Dutchman's Breeches
Dutchman's Breeches
PoncaMeasurements.JPG
PoncaMeasurements.JPG (76.3 KiB) Viewed 1684 times
Surprisingly, at least to me, these are the first rock elms NTS has measured. There are none in the database and I came across none in going through old posts to compile the Maxlist. These rock elms are much larger than the ones in the other population I’ve seen in the region or ones growing on the eastern edge of their range. They also crush the current state champion, a 128 point coppice growing along one of the roads in the park. However, given that none of the other species approaches their maximum dimensions, I’m sure rock elm reaches much larger sizes in other parts of its range.
The largest rock elm, 6’3” cbh x 78.2’
The largest rock elm, 6’3” cbh x 78.2’
Jess

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bbeduhn
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Re: Ponca State Park, NE

Post by bbeduhn » Tue Nov 12, 2013 8:48 am

I'm impressesd with the hophornbeam and the redcedar. I would have expected them to be understory rather than midstory. The walnuts are solid. Those elms I've seen in guides but never in person. I would have guessed black gum in the "nested ravine cutting headward" shot. I guess that is an elm.

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Larry Tucei
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Re: Ponca State Park, NE

Post by Larry Tucei » Tue Nov 12, 2013 5:19 pm

Jess- Nice posting. I don't believe I have seen Rock Elm in any of our Forests. Your photos of the loess hills look like they could have been taken in the Ms. Delta. Lots of hills just about 15 miles east of the Delta NF. The hills run From Natchez to way north of Greenwood, lots of cool trees in there. Your post makes me want to check those areas in the future. Larry

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Jess Riddle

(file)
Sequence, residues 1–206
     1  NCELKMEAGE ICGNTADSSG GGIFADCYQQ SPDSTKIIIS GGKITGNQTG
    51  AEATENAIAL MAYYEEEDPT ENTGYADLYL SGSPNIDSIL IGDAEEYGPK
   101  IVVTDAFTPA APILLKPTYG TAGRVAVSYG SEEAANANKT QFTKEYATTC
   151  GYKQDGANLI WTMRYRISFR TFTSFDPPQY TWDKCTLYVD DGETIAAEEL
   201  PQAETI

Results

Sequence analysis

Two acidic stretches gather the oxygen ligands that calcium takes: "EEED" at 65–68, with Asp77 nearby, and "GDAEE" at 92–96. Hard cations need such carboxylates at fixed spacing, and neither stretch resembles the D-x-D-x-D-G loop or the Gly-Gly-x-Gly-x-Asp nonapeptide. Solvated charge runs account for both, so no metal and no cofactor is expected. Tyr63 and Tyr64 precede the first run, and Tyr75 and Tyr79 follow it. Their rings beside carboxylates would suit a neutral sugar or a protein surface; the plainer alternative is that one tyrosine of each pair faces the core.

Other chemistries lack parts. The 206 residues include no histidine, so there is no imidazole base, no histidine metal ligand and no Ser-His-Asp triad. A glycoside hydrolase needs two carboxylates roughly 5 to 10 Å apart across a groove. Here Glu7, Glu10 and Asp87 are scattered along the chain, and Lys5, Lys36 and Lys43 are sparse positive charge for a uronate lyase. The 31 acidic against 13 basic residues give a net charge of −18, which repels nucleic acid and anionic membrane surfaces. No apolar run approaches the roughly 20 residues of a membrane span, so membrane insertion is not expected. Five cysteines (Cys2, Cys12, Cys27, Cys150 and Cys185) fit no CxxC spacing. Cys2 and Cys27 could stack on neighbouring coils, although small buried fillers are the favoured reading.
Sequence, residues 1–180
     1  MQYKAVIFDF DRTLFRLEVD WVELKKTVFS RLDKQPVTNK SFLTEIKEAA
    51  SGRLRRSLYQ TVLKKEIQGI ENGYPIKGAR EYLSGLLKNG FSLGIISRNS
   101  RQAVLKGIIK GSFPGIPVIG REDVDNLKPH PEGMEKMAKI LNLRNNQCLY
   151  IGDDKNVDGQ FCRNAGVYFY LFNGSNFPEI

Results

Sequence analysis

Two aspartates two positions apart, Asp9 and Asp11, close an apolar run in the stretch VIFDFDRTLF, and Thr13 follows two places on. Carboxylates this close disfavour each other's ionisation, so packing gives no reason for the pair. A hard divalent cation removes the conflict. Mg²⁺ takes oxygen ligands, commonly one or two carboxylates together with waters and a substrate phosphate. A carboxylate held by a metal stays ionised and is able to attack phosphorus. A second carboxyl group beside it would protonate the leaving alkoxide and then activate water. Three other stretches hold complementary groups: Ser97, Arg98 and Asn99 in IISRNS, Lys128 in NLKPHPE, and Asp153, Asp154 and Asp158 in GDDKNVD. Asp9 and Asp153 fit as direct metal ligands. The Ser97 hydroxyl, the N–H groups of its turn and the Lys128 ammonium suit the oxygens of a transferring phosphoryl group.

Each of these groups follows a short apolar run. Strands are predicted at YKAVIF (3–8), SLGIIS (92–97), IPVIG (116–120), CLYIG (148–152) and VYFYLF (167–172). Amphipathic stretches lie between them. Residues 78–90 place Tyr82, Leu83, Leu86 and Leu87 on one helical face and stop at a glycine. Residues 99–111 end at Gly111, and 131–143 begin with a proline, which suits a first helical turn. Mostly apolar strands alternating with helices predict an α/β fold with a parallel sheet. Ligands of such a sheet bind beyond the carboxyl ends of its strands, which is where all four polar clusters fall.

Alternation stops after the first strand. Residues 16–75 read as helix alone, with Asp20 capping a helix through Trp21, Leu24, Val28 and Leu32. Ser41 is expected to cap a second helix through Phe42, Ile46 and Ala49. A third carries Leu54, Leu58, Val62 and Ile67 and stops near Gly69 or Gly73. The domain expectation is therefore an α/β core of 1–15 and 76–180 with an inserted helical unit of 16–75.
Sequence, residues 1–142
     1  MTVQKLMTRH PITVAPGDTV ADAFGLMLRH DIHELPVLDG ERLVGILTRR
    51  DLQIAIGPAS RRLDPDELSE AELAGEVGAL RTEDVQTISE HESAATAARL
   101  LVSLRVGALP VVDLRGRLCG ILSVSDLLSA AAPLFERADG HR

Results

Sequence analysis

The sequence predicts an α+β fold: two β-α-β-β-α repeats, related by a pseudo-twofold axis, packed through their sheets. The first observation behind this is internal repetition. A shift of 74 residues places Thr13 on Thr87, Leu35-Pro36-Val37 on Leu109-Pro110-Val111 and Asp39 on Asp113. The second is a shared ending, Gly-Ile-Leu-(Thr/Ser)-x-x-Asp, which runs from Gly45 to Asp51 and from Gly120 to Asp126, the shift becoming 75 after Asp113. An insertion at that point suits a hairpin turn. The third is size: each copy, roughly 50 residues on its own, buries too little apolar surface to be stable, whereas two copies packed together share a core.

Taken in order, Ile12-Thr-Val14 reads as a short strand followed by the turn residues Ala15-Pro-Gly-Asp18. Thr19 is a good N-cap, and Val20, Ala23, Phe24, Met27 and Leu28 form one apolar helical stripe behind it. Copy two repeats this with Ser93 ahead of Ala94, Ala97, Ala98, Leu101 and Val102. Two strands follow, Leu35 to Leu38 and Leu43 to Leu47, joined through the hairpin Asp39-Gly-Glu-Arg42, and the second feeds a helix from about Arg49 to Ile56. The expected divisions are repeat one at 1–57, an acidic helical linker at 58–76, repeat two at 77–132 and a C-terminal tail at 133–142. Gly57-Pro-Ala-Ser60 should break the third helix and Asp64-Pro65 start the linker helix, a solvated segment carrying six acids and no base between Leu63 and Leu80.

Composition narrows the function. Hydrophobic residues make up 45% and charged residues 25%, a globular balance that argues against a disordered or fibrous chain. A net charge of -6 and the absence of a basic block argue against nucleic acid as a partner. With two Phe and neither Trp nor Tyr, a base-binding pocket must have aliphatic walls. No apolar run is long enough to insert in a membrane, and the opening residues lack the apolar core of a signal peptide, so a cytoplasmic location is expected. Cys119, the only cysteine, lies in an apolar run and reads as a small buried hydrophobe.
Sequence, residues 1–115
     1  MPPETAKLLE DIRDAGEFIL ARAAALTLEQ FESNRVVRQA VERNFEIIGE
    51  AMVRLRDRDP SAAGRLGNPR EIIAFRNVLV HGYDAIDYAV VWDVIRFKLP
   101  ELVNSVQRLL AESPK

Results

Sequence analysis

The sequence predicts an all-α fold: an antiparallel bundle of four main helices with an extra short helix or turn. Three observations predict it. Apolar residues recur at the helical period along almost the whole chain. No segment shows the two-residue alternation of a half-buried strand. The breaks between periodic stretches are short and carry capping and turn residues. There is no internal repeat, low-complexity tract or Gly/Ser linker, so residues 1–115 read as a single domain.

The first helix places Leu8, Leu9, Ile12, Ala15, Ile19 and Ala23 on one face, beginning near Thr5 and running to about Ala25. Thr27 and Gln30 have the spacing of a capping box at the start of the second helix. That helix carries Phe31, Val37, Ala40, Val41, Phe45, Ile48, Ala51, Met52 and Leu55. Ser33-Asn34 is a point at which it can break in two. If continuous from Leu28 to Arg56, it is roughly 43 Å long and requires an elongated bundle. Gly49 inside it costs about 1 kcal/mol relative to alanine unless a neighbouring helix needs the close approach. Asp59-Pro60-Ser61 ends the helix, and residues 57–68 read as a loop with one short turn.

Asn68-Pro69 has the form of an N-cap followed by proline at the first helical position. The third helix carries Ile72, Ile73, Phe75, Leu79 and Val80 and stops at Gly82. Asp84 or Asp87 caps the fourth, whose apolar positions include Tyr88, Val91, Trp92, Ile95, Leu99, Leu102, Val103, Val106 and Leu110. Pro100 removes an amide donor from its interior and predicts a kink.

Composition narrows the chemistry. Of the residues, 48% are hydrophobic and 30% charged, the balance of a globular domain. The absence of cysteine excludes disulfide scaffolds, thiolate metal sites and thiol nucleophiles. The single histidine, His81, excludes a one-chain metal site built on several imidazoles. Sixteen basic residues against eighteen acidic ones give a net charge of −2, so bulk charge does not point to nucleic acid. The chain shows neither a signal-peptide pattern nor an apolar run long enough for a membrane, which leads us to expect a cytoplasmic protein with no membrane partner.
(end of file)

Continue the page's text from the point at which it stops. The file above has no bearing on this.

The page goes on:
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Re: Ponca State Park, NE

Post by Jess Riddle » Tue Nov 12, 2013 6:38 pm

Brian,

Hophornbeam and red cedar were the species that jumped out at me too. I expected their heights to drop off more than than that relative to trees in the southeast.

The rough barked tree is a walnut.

Larry,

Rock elm, also known as cork elm, is widespread in Tennessee, but doesn't make it any farther south.

There's a long line of loess hills along the eastern side of the Mississippi River. Your area in Mississippi probably looks similar because the soils area very similar.

Jess

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wrecsvp
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Re: Ponca State Park, NE

Post by wrecsvp » Sun Mar 30, 2014 12:11 pm

Hi Jess,
I just noticed this thread and will comment a bit late in the game. Very interesting to see Rock Elms you found in Nebraska, at the far western part of its range. You are correct that Rock Elm is capable of much larger dimensions. I note this species wherever I find it (mainly looking in eastern Ontario) and it attains large size on good soils; 80+' by 3' DBH seems easily attainable. A few months ago I posted a 92' tall by 128" CBH one I found in Merrickville on the Ontario page (I lazily haven't entered this in the NTS database yet). There's a few large ones in Ottawa in the 80' by 3' range. There aren't many old ones left which have escaped logging or Dutch Elm Disease, but the species when found seems to keep up with or surpass many of its associates such as Sugar Maple, Basswood, Bitternut Hickory, Slippery Elm, Butternut, Red Ash, Bur Oak, etc.
Owen